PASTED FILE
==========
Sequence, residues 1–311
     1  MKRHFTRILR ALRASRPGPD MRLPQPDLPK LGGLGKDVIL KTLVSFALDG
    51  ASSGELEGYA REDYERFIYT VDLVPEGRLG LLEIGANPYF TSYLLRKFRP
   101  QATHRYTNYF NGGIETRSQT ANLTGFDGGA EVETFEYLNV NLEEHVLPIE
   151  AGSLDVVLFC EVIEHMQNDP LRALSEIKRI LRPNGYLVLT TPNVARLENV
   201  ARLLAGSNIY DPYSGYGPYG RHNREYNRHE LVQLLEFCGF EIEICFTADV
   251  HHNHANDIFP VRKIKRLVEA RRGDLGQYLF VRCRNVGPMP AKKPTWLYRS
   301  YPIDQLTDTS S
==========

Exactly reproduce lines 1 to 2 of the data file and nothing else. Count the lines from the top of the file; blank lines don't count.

Sequence, residues 1–311
     1  MKRHFTRILR ALRASRPGPD MRLPQPDLPK LGGLGKDVIL KTLVSFALDG